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October 19, 2014

Sunday Morning Book Thread 10-19-2014: Doom and Gloom [OregonMuse]


dystopia 4.jpg

Good morning morons and moronettes and welcome to AoSHQ's stately, prestigious, and high-class Sunday Morning Book Thread. The only AoSHQ thread that is so hoity-toity, pants are required. Or kilts. Kilts are OK, too. But not tutus.


Heh.

I had last week's book thread up on my work computer last week, the one with the photo of the 3 ugly cavemen, and one of the managers happened to walk by and see it, and remarked, "Oh, I didn't know Grand Funk Railroad was doing a reunion tour."


Deriding Dreary Dystopias of Dreck

Author/editor Kathryn Cramer over at the HuffPo wants you to know that she's had it with dystopian sci-fi:

As our world became more complicated and our shiny futuristic infrastructure began to age and fail, dystopias emerged as a subgenre of science fiction...In 2011, following the Fukushima disaster, Neal Stephenson came to the realization that much of our crucial infrastructure is aging, and we are dependent upon infrastructure built in the 50s, 60s, and 70s. He wrote about this in an essay called Innovation Starvation. He gave a speech on this subject at GoogleX conference. Michael Crow, President of Arizona State University challenged him, saying that we had stopped getting big stuff done because science fiction writers like Stephenson had stopped envisioning it.

Well, that's certainly an interesting perspective, but I doubt that it's true. I think the real reason we're no longer getting "big stuff" done is that it just costs too damn much. Combine this with the fact that, most, if not all, of the governments of the world are run by idiots who have absolutely no clue how wealth is created, and who are only interested in taking it from people they don't like and giving it to those they do, and you get a sure-fire recipe for a bleak dystopian future full of poverty, want, and hard times.

One of the purposes of this article is for Ms. Cramer to promote her own, recently published anthology, Hieroglyph: Stories and Visions for a Better Future, which is fine. It's a compendium of "techno-optimistic" stories by writers such as Cory Doctorow, Bruce Sterling, and Neal Stephenson. But this revolt against the smothering, ubiquitous presence of dystopian-themed fiction is being introduced as if it's some Big New Thing.

However, if Ms. Cramer was familiar with the indie sci-fi writers, or even had been reading the stately and prestigious AoSHQ book thread, she would have known that we had this covered a year ago. 'Human Wave' science fiction has been around for awhile. In fact, Sarah Hoyt wrote her HW manifesto back in 2012. I kind of like her guidelines for writing. For example:

5 -- You shall not commit grey goo. Grey goo, in which characters of indeterminate moral status move in a landscape of indeterminate importance towards goals that will leave no one better or worse off is not entertaining...

6 -- Unless absolutely necessary you will have a positive feeling to your story. By this we don't mean it will have a happy ending or that we expect pollyanish sentiments out of you. Your novel and setting can be as dystopic as you want it. In fact, your character can die at the end. Just make sure he goes down fighting and dies for something, so the reader doesn't feel cheated.

For some examples of this, we can start with Ms. Hoyt's own works, such as Darkship Thieves, the first of her Darkship trilogy, followed up by Darkship Renegades, and then A Few Good Men.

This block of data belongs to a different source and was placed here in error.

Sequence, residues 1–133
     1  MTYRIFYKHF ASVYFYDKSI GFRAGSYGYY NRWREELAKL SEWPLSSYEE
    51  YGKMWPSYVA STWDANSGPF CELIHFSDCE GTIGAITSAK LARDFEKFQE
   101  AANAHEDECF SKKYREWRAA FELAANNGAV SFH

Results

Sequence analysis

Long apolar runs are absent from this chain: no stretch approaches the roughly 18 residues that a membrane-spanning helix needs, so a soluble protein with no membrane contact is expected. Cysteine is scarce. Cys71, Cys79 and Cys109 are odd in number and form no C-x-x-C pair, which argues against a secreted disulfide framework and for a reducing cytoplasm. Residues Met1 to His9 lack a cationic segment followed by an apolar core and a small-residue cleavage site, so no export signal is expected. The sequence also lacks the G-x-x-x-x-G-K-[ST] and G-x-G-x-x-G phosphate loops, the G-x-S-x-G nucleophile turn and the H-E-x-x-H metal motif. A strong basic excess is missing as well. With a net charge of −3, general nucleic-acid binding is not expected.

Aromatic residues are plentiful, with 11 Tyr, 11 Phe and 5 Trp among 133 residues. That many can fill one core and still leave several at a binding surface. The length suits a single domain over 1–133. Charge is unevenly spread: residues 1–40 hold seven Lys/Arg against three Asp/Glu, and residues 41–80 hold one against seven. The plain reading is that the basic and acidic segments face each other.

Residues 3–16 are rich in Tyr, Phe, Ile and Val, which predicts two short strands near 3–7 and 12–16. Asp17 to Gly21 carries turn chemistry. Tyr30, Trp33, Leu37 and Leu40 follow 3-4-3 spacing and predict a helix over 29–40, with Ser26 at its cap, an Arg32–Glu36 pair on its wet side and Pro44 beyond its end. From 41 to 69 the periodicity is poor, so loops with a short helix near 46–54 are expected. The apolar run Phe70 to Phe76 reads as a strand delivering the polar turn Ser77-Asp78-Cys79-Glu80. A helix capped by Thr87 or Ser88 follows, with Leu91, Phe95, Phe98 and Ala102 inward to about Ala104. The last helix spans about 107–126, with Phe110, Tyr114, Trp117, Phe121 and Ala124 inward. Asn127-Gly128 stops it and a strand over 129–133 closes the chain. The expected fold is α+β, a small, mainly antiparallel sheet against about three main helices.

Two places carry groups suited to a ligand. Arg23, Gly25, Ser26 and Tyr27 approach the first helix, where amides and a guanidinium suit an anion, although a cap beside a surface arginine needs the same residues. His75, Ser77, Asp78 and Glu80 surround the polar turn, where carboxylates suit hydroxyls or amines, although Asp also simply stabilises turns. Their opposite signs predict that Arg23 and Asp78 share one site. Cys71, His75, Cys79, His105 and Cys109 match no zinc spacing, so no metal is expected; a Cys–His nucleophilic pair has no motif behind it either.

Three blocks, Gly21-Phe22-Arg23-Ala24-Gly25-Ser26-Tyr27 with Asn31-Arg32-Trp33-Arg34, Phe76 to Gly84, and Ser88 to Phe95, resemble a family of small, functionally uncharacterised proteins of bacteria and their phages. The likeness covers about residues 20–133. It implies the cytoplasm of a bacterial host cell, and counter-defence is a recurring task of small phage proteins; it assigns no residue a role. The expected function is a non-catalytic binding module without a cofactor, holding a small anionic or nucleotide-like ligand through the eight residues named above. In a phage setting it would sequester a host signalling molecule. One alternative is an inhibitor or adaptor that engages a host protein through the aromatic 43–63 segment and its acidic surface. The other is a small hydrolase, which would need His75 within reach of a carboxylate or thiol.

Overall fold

There are more human wave authors listed at this old post at Sabrina Chase's blog, with the caveat that the prices she quotes no longer apply.


Webster's Insults

And while I was on the HuffPo site, I came across this piece on some forgotten words from Webster's original 1828 dictionary, and I amused myself by imagining the insults a modern-day politician could create using them. For example, under babblement (babblement means, as you might guess, 'senseless prattle'), we learn that that another word for gossip or chatter is twattle. That's the first word. Combine this with sheep-bite, which means 'to practice petty thefts' and you have this: "my opponent is a twattling sheep-biter", and is that a great insult, or what? It has an almost Shakespearean flavor to it, I think.

Another word on the list is obambulate, which means 'to walk about', and considering how close the first part of this word is to the president's name, you'd think the author would either (a) make a joke, or (b) at least give some indication that such jokes could be made. But being that this is the HuffPo, you know this isn't going to happen. HuffPo writers are a bunch of tardigradous, daggle-tailed mafflers, every one of them.

Not to mention fopdoodles and rakeshames. Or, in modern language, MSNBC.


More Book Covers

Last week I linked to a bunch of really crappy book covers. But this week, I hope to do you a better turn by linking to some better ones, namely, 30 Beautiful Vintage Dust Jackets. Just scroll down past the 'Find vintage books with beautiful dust jackets' search form on that page. Most of them appear to be from the 1930s to the 60s.

Thanks to Mike Hammer for the link.


Google Announces New Products

I love competition:

Google has announced a bevy of new products today, including a new phone. The most compelling new device is a tablet, dubbed the Nexus 9. It is made by HTC and the hardware will seriously give the Apple iPad Air a run for its money.

The Google Nexus 9 features a 8.9-inch display with IPS LCD technology, an 8-megapixel camera at its back, a 1.6-megapixel camera up front, and an NVIDIA Tegra K1 2.3GHz (64-bit) processor under the hood. There is a staggering 2 GB of RAM, which destroys the iPad Air which only has 1 GB. Great sound is provided by the HTC BoomSound speakers, which is the same audio featured in the HTC One M8 and HTC One M7.

That's an impressive amount of horsepower for a tablet. Not that I'm complaining. I really like my Nexus 7, so the 9 may be worth looking at as a future upgrade, perhaps when the price comes down a bit.


NYC Local

If you're ever in New York City and want to visit some of the local independent bookstores, here is a slideshow presentation of the 10 best. I'm not sure what criteria was used to determine that these particular bookstores are the best, other than the opinion of whoever it was who compiled the list.